My Week with Marilyn depicts the making of the 1957 film The Prince and the Showgirl, which starred Marilyn Monroe and Laurence Olivier. The picture focuses on the week when Monroe and husband/playwright Arthur Miller are in England for the shoot and their relationship begins to fall apart. As Monroe’s depression and anxieties also jeopardize the film, she develops a relationship with Olivier’s assistant Colin Clark (whose two books on the subject form the basis of the Adrian Hodges screenplay), who worships Monroe. The story itself has that banal familiarity where a young innocent gets wised up and has his illusions shattered by the source of his idolization. But director Simon Curtis thankfully keeps the film relatively engaging by keeping the tempo quick and often comic.

Eddie Redmayne (Pillars of the Earth), who plays Clark, shows him as both innocent and crafty. Like the innocent young male Jeffrey in Blue Velvet, he’s a naïf who is tickled by his erotic fantasies. Kenneth Branagh also provides a sporting impression of Olivier even if the script doesn’t seem to have a clue how to shape the role. Since Monroe was a student of the Actor’s Studio and Method acting, there’s a running gag about the clash of the classical school of Olivier versus the American model. But the Method wasn't really an issue with Monroe, or even part of her screen appeal. She always seemed the least likely Method actor because she was a projection of the fantasies of others rather than someone with a personality (like Brando) who created fantasies and expectations.

Kenneth Branagh as Laurence Olivier
But Michelle Williams gives us a vivid glimpse behind the Monroe mask to reveal the confusions, the desperate isolation and turmoil. Unlike Streep, who continually telegraphs us as to what our thoughts of Thatcher should be, Williams effortlessly draws us into Monroe’s despair without signaling what we may find when we arrive there. If Marilyn Monroe was the least likely Method actor, Michelle Williams gives a fascinating and powerful Method interpretation of Monroe the actress and the woman. In My Week with Marilyn, Williams shows Monroe’s insecurities about her talents without resorting to the coyness that became Monroe’s trademark; rather she goes to the source of her coyness and what it repressed.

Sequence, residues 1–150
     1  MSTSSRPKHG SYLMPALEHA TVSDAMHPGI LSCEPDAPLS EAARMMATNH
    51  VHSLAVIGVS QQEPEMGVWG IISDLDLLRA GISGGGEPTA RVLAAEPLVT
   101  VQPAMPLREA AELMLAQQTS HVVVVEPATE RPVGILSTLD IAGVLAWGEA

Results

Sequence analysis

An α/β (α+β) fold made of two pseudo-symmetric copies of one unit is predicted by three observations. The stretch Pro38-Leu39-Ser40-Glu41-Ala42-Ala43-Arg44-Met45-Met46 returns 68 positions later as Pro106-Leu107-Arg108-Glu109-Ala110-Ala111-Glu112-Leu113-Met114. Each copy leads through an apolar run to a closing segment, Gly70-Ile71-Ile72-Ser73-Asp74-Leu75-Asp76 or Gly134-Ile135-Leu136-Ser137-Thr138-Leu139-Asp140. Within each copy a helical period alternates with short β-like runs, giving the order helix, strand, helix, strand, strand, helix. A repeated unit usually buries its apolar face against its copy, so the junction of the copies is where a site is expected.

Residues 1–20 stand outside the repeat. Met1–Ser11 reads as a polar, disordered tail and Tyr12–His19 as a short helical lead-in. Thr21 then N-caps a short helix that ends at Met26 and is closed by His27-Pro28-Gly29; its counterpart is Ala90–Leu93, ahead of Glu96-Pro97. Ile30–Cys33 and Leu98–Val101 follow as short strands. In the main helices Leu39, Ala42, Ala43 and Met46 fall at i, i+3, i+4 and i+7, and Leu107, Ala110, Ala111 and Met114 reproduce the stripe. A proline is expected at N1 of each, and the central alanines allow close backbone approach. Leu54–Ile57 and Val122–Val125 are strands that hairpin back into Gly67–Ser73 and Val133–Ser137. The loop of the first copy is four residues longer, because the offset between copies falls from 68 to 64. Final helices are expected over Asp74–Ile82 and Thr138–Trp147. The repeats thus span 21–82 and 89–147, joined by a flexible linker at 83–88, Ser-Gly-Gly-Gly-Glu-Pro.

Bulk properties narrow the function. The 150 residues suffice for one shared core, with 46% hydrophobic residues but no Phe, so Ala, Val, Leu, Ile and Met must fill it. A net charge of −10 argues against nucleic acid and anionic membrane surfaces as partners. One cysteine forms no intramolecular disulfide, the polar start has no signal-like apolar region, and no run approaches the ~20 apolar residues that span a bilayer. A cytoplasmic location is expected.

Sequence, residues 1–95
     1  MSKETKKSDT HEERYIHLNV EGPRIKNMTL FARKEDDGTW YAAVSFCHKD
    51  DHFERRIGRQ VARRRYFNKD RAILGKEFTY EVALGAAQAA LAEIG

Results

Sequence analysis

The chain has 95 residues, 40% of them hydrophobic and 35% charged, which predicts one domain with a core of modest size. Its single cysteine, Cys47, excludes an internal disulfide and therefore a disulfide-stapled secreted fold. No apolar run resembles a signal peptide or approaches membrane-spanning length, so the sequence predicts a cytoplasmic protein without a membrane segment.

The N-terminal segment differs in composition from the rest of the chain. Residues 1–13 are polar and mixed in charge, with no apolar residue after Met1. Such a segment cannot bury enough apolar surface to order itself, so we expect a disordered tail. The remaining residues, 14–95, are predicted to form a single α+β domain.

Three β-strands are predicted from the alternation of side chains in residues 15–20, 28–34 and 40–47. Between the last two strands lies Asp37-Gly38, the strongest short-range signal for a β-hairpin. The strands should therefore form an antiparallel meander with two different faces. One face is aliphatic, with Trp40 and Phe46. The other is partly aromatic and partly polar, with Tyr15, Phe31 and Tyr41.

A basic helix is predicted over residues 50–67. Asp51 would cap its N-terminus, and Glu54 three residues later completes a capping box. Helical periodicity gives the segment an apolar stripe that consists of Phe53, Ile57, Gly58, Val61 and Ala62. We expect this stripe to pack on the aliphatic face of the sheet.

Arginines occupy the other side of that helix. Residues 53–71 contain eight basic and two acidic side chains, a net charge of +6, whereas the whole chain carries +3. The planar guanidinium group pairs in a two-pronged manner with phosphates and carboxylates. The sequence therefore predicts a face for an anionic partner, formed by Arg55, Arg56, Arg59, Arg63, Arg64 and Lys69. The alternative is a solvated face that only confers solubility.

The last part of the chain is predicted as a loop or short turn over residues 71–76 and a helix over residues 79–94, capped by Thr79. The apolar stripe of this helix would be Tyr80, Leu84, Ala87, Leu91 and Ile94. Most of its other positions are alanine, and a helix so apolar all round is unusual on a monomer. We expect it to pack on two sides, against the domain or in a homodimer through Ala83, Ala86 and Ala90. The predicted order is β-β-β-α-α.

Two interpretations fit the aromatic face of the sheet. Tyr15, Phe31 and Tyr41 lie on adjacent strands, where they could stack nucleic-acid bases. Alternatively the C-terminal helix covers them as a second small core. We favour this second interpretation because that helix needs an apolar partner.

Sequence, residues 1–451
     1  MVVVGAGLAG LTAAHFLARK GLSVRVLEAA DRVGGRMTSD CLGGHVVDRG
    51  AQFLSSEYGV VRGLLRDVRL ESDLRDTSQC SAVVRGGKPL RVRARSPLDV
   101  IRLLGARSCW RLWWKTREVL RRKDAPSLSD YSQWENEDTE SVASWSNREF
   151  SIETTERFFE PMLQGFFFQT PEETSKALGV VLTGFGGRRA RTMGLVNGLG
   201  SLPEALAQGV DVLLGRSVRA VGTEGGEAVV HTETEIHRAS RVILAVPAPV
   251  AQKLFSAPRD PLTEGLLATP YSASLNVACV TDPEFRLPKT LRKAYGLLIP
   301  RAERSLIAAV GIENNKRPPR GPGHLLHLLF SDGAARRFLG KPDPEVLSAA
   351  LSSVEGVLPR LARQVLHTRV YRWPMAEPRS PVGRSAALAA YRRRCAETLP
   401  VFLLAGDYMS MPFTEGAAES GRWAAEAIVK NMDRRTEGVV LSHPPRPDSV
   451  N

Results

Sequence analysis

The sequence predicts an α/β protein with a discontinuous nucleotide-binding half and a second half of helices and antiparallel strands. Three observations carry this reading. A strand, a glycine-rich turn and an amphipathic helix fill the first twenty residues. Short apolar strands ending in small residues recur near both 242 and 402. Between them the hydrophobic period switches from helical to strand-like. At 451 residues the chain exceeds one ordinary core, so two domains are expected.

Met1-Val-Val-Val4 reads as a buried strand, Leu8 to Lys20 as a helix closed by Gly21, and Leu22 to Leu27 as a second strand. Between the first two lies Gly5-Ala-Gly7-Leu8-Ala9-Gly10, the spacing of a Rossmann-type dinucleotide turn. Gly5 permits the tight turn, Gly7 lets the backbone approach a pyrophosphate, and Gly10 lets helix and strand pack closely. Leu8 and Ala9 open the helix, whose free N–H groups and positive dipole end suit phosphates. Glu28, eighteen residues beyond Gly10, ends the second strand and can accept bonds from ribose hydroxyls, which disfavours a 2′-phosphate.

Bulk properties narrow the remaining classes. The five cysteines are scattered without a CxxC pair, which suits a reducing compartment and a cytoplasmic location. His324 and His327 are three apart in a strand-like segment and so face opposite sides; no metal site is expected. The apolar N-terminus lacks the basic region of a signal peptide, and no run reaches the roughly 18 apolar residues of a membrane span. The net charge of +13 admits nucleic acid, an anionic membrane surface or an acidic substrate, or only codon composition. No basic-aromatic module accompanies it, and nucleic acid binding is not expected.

With the exception of Debra Winger in the film noir Everybody Wins (written by Arthur Miller), nobody has ever got the Monroe mystique quite as effectively, or as hauntingly, as Michelle Williams does in My Week with Marilyn. She delicately toys with our preconceived notions of Marilyn, what Laura Warner described in an earlier Critics at Large post as “the stresses of excessive fame and fortune [and how they] can amplify the star’s frailties,”and she gives us an empathetic understanding of the destructive forces of those frailties. In My Week with Marilyn, Michelle Williams finally gives the screen’s most endurable sex kitten some claws.

- originally published on March 1, 2012 in Critics at Large.

– Kevin Courrier is a writer/broadcaster, film critic, teacher and author (Artificial Paradise: The Dark Side of The Beatles' Utopian Dream). His forthcoming book is Reflections in the Hall of Mirrors: American Movies and the Politics of Idealism. With John CorcelliCourrier just finished working on another radio documentary for CBC Radio's Inside the Music called The Other Me: The Avant-Garde Music of Paul McCartney to be broadcast on December 30th at 3:00pm.

No comments:

Post a Comment